A lot of sunscreens are junk and can harm the ocean you’re trying to enjoy. That being said, there are plenty of options out there. Just make sure that you get sunscreen that’s at least 30spf. I like at least 50 myself, and the best stuff, like the Surface Clear Zinc, usually contains zinc. The zinc will help the sunscreen stick to you while you’re splashing around paddling for any wave you see. If you want to make sure that you’re doing your part to help the ocean use sunscreen that’s reef-safe too. Here, we tested the best reef-safe sunscreens on the market. And here’s more information on how to choose the best sunscreen.
Before paddling out, it’s important to take a look at the lineup and see what the conditions are like. Watch which direction the surfers are drifting, if they’re drifting at all. Identify hazards like rocks or reefs, and determine where waves are breaking. Doing so will help you get a sense of where you should be when you’re first learning and help you avoid putting yourself in dangerous spots in the lineup. Easier said than done though if there’s glare on the water (which there often is). Having a solid pair of polarized lenses makes your pre-surf observation a breeze while saving your eyes from sun damage. Sunskis offer the polarization you want and style to match for a reasonable price.
Many beginners seem to struggle with the concept of waxing a surfboard. Either they ignore it completely and slip all over whenever they try to stand up, or they try to wax the bottom like a snowboard (and then slip all over when they try to stand up). Both ways are completely wrong. No matter what kind of board you’re riding, you want to make sure that there is more wax than you would think you need under your feet. Even if you have a soft top board (which I recommended), you can still benefit from waxing up. Some stores carry soft-top specific wax, but any bar of cold water wax will work (you just want it to be soft enough that it will actually stick to the foam deck).
Surfing stinks. It’s the truth. Try leaving your wetsuit in your car overnight (oops). That disgusting smell in the morning is all you. The surf wax air freshener is the easiest way to help. Grape, strawberry, pineapple, coconut and more odor-iphic sensations will get that funk out your ride. Embrace the stench. But know how to get rid of it too (clean your wetsuit once in a while). The wax air freshener works just as well in an office if you’re a weekend warrior, too.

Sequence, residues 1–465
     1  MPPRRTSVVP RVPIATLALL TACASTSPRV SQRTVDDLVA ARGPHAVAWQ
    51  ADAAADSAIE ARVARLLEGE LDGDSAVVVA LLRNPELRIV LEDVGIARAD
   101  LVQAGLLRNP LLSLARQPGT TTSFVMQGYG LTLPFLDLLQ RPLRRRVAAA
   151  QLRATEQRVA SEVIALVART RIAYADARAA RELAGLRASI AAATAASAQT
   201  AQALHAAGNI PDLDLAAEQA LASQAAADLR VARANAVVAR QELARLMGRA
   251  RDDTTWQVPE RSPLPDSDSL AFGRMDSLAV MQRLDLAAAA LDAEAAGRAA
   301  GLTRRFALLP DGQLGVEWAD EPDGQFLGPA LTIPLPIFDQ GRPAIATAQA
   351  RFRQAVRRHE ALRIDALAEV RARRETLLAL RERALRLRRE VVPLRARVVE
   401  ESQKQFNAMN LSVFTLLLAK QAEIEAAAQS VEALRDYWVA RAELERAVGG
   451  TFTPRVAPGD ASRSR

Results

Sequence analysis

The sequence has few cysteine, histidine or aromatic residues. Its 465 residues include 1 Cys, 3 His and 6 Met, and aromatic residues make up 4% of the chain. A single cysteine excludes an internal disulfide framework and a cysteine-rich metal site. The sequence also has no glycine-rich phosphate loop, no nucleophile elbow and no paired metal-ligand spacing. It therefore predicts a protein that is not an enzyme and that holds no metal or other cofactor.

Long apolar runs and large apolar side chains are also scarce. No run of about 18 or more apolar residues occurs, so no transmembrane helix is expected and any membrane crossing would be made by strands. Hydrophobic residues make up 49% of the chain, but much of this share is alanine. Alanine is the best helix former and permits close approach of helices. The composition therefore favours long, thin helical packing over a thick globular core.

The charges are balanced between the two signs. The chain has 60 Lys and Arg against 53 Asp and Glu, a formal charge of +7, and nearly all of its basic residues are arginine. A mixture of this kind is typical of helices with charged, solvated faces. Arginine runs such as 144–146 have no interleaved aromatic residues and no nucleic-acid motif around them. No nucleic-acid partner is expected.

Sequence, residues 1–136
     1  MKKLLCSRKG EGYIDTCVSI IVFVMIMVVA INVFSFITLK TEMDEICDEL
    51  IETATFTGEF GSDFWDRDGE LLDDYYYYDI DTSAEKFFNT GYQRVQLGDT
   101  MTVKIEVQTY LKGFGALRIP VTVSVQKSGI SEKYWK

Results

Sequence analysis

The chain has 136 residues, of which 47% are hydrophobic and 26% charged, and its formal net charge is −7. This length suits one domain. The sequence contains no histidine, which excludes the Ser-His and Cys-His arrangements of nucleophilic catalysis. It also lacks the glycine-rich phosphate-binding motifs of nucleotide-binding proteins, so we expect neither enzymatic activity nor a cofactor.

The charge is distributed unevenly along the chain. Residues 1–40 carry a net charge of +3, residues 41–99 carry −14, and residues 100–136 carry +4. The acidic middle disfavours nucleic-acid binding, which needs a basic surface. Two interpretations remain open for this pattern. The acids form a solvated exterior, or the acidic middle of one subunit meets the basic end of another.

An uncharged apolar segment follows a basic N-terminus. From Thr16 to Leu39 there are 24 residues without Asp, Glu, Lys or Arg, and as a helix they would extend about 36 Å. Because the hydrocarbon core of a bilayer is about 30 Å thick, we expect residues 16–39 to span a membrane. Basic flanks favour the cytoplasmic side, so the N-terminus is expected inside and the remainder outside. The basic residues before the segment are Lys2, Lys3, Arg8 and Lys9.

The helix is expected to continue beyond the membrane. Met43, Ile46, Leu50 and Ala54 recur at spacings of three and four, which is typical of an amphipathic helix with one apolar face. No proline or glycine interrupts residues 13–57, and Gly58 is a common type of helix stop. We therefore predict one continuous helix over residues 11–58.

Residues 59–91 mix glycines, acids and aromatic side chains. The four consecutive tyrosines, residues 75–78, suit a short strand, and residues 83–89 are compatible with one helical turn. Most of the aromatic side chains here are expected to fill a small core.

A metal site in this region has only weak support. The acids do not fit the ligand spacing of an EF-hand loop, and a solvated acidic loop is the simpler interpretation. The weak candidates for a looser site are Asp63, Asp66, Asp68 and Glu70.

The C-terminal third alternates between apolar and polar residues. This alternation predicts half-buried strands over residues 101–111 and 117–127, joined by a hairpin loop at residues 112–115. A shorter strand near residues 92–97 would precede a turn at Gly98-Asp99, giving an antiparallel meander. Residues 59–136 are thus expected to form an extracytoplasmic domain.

Regardless of what anyone tells you, you’ll want to use a leash when you’re learning to surf. Not only does it prevent you from chasing after your board, but it keeps those around you safe – even a soft-top can do some serious damage. Make sure the leash you buy is of similar length to the board you intend to use it with. Too long and you’ll be tripping all over it as you try to stand up, too short and it can act like a slingshot, returning your surfboard to you with more than a desirable amount of force. If you’re going with a Catch Surf foamie (above), might as well get the leash to match. They’re well-made, colorful, and cheap as far as surf leashes go. Here’s a list of some of the best surf leashes on the market.
That’s it! If you’ve got the above, you should have everything you need to succeed in the water. The only other thing you definitely need is humility. Know the lineup, be humble, wait your turn, and have fun. Check out Kassia Meador’s Definitive Guide to Longboarding 2.0, which covers everything from your first wave to getting ten toes on the nose. Go get salty!